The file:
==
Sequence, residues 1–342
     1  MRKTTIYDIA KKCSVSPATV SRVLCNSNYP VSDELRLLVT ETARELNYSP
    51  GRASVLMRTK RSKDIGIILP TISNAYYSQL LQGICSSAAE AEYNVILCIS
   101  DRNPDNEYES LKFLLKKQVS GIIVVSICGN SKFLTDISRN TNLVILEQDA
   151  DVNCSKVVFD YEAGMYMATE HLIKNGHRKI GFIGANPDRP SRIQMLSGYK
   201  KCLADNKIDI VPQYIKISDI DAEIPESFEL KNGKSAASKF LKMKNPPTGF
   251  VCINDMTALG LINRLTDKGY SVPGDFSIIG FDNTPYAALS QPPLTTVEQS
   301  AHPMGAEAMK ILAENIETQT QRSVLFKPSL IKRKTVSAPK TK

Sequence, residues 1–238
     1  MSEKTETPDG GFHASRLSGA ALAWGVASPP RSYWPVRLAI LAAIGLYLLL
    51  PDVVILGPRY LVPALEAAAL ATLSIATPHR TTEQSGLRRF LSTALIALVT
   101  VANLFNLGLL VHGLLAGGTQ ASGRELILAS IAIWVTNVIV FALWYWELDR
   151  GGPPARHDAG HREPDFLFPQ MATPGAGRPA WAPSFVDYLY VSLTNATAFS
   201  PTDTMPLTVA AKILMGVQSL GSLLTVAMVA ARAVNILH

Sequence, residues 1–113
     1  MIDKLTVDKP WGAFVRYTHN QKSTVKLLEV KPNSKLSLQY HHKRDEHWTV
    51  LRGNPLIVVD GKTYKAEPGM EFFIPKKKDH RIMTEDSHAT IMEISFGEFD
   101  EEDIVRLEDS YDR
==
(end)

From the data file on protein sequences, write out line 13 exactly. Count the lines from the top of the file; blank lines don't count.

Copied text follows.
   151  GGPPARHDAG HREPDFLFPQ MATPGAGRPA WAPSFVDYLY VSLTNATAFS